5G technology is a double-edged sword.
Compared to its predecessors, 5G offers much faster data transfer speeds, lower latency and more reliable connections. All of this means enhanced user experience for mobile device consumers. Enterprises also benefit with increased productivity and faster service delivery due to 5G’s access to higher bandwidths connecting considerably more users and that 3G and 4G.
That said, 5G technology also plays into the many schemes of cybercriminals. Take 5G spying.The possibility does exist that manufacturers could invade users’ privacy and quietly gather information from unaware users through backdoors. Who could be compromised? Not only individual users but also enterprises, particularly those with employees accessing work-related data on inadequately protected mobile devices.
There’s also the 5G dependency factor.Enterprises and infrastructures will come to depend on 5G significantly more than its predecessors. Air traffic, smart cars, hospitals, and more will rely on 5G. With so many interconnected IoT devices and infrastructures, a security breach in one area can have cascading effects on network-connected devices. The fallout from cyberattacks on unsecured devices can be more catastrophic than ever before, even affecting general public safety.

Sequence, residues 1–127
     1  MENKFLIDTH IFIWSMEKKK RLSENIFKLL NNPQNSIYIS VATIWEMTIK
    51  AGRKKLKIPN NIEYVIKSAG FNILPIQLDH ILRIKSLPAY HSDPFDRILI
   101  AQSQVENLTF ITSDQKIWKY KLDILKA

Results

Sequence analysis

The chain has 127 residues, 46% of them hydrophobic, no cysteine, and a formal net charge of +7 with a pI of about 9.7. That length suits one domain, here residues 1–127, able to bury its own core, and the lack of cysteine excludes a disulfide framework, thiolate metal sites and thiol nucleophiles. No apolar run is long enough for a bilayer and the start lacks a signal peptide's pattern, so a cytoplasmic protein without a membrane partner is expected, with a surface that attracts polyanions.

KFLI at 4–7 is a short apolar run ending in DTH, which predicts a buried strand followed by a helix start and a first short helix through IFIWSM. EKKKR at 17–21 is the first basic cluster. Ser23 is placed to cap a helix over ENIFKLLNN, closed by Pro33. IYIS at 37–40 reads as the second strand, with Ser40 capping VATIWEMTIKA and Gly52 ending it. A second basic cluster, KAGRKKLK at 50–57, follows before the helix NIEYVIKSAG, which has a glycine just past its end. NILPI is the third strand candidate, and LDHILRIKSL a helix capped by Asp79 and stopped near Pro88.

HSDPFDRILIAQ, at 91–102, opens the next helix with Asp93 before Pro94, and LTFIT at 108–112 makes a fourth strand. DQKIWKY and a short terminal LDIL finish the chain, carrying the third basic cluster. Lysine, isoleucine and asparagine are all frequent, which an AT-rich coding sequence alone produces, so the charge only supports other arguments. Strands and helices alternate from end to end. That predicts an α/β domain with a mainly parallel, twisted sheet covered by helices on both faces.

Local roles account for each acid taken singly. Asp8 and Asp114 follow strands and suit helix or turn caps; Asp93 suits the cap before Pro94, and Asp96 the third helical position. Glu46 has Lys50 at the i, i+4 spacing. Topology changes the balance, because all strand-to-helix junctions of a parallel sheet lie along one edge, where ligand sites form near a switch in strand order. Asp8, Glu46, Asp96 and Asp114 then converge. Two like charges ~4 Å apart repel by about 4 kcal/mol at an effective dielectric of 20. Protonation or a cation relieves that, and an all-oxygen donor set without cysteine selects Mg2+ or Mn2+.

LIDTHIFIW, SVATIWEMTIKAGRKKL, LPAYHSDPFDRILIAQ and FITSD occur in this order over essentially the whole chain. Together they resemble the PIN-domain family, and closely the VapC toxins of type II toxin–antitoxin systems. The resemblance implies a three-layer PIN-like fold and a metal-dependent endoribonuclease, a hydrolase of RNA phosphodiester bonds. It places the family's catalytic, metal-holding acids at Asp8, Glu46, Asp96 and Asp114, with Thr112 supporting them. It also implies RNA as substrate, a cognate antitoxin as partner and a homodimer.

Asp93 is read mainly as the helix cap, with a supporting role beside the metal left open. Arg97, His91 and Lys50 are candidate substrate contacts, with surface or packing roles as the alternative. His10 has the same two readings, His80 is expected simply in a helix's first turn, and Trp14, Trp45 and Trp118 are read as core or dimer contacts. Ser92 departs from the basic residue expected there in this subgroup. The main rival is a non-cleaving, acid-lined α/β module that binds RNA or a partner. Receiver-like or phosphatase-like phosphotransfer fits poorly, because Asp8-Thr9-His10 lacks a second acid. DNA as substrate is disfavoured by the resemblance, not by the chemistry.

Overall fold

The potential for 5G monitoring attacks and 5G DDoS attacks is also a concern for cybersecurity professionals.
An analysis conducted by an international team of researchers found that a new sort of security threat can exploit vulnerabilities in all AKE protocols, including those of 5G, and invade the privacy of mobile users more severely than preexisting threats. Although 5G AKE protocols have improved security against fake base station attacks, the researchers demonstrated that relay attacks can breach 5G’s SQN protection, rendering it useless.
These are worse than previous attacks because, unlike before, when a user could escape the invasion by leaving the attack area, hackers can continue monitoring user activity even if they have left the range of the fake base station using this new attack.
It’s also assumed that cyber attackers will likely use 5G’s lower latency to decrease the number of devices needed to overwhelm enterprises in DDoS attacks. 5G’s considerable speed boost will make these attacks more efficient and harder to handle.
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